Does 'Fear of Dying' Indicate a More Severe Presentation of Panic Disorder?Journal of Anxiety Disorders
AbstractResearch suggests a relationship between the presence of fearful cognitions and panic disorder (PD) severity. With little existing evidence addressing the clinical significance of individual panic-cognitions, the current study examined presentation and impairment differences among 331 outpatients with PD according to whether they experience “fear of dying” (FOD) during panic attacks. Patients reporting FOD (n = 153) were compared to patients denying FOD (n = 178) on variables indicating PD severity (e.g., number of symptoms) and psychiatric impairment (e.g., hospitalizations). PD patients with FOD reported a greater number of panic symptoms, agoraphobia diagnoses, and were more likely to be seeking treatment primarily for PD. We found no clinical impairment or comorbidity differences between groups. Results suggest that panic attacks with FOD are related to a more acute presentation of PD. Such results substantiate past research connecting cognitive distress and PD severity and further suggest that FOD may be particularly relevant to this relationship.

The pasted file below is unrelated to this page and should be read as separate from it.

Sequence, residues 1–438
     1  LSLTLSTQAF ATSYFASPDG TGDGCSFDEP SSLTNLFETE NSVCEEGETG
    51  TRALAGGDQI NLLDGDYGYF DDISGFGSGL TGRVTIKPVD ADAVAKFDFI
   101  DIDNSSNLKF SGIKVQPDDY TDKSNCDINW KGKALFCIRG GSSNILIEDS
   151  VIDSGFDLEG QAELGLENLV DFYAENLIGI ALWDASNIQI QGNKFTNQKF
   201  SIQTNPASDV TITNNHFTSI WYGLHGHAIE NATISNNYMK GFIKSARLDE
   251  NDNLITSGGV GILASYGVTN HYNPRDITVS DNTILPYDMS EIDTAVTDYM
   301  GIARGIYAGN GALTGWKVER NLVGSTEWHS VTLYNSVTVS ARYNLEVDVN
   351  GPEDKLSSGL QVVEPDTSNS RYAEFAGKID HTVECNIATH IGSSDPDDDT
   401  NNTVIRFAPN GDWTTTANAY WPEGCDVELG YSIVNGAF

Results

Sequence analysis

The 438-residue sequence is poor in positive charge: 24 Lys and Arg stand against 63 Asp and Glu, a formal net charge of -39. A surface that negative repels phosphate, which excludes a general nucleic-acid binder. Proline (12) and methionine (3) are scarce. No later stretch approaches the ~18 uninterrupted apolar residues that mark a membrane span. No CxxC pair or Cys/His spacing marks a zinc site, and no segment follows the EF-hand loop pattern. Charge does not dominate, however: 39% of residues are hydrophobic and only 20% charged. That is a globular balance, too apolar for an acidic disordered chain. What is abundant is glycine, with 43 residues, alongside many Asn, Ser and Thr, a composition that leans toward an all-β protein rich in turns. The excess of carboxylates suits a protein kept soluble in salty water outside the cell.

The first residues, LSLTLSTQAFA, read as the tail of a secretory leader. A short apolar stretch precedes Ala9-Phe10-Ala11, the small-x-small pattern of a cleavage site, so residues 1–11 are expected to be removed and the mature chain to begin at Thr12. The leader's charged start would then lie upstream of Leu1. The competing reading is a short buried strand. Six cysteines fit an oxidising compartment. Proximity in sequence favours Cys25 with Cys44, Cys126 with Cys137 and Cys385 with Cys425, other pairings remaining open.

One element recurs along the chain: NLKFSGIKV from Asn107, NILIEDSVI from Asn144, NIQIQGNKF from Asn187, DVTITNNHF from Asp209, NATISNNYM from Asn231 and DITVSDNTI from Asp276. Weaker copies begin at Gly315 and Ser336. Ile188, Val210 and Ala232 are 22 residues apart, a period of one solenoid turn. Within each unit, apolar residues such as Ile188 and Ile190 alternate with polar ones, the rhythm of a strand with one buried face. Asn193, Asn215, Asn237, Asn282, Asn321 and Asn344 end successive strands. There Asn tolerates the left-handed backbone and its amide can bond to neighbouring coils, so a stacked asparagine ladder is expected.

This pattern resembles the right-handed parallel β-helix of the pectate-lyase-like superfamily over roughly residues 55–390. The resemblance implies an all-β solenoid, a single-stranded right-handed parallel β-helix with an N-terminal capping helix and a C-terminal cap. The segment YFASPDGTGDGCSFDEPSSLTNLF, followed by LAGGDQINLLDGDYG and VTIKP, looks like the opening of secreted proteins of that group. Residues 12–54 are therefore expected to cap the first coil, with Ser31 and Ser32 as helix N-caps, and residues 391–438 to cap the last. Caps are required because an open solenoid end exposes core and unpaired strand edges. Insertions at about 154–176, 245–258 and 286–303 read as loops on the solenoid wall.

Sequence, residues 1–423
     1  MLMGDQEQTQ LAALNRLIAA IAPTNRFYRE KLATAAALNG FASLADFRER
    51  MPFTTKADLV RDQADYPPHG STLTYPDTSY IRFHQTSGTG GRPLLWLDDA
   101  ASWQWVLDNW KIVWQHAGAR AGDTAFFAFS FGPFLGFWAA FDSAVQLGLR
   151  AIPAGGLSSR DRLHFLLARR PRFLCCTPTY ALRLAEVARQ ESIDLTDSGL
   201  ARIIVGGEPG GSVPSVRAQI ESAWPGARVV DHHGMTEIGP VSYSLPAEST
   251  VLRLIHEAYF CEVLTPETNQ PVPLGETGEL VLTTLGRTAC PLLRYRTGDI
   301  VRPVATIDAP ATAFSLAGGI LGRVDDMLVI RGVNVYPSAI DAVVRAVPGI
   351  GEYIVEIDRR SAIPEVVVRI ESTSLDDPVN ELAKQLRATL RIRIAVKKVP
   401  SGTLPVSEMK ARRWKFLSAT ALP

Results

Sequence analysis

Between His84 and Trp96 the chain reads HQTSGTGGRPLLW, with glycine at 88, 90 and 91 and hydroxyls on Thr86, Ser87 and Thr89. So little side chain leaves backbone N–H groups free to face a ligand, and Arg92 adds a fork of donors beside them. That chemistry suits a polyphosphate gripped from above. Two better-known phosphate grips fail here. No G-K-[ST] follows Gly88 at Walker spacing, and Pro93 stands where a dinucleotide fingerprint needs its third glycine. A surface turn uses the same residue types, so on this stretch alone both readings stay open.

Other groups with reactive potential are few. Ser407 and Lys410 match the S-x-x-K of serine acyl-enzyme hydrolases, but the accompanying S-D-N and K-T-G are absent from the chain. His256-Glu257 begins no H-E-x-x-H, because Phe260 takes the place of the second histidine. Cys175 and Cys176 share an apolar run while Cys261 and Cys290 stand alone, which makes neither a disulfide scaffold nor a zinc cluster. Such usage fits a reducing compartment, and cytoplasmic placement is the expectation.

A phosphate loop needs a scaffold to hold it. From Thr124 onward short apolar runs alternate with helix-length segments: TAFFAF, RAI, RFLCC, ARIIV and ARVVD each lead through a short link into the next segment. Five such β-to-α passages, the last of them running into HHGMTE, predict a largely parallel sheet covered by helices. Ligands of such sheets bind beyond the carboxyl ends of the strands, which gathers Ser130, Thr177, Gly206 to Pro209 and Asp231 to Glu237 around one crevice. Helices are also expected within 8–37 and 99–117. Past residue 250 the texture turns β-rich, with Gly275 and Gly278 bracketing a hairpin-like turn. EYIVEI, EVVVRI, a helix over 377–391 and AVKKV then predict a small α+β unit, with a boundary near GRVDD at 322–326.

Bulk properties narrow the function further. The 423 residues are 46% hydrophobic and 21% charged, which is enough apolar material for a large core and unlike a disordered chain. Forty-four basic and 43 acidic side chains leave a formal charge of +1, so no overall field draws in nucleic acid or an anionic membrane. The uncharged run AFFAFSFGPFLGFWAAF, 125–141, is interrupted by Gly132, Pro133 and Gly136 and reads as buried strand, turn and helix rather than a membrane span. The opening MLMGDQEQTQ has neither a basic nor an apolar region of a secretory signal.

Document Object Identifier (DOI)10.1016/j.janxdis.2016.04.005
Citation InformationGazarian, D., Multach, M. D., Ellison, W. D., Chelminski, I., Dalrymple, K., & Zimmerman, M. (2016). Does 'fear of dying' indicate a more severe presentation of panic disorder? Journal of Anxiety Disorders, 40, 52-57. doi: 10.1016/j.janxdis.2016.04.005